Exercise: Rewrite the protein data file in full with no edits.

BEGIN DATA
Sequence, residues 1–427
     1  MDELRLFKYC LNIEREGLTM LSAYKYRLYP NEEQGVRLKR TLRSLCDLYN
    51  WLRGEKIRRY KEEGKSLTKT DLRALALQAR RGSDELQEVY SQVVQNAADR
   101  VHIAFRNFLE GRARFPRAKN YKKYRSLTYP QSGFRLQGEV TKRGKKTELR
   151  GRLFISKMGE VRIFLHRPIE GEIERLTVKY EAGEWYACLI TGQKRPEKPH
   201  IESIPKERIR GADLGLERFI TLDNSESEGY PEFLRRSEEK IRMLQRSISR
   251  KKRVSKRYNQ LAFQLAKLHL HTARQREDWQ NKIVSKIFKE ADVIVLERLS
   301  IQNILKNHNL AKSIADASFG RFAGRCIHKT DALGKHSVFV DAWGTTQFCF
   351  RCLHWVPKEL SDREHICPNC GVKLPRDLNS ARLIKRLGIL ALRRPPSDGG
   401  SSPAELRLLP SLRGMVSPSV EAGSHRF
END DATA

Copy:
Sequence, residues 1–427
     1  MDELRLFKYC LNIEREGLTM LSAYKYRLYP NEEQGVRLKR TLRSLCDLYN
    51  WLRGEKIRRY KEEGKSLTKT DLRALALQAR RGSDELQEVY SQVVQNAADR
   101  VHIAFRNFLE GRARFPRAKN YKKYRSLTYP QSGFRLQGEV TKRGKKTELR
   151  GRLFISKMGE VRIFLHRPIE GEIERLTVKY EAGEWYACLI TGQKRPEKPH
   201  IESIPKERIR GADLGLERFI TLDNSESEGY PEFLRRSEEK IRMLQRSISR
   251  KKRVSKRYNQ LAFQLAKLHL HTARQREDWQ NKIVSKIFKE ADVIVLERLS
   301  IQNILKNHNL AKSIADASFG RFAGRCIHKT DALGKHSVFV DAWGTTQFCF
   351  RCLHWVPKEL SDREHICPNC GVKLPRDLNS ARLIKRLGIL ALRRPPSDGG
   401  SSPAELRLLP SLRGMVSPSV EAGSHRF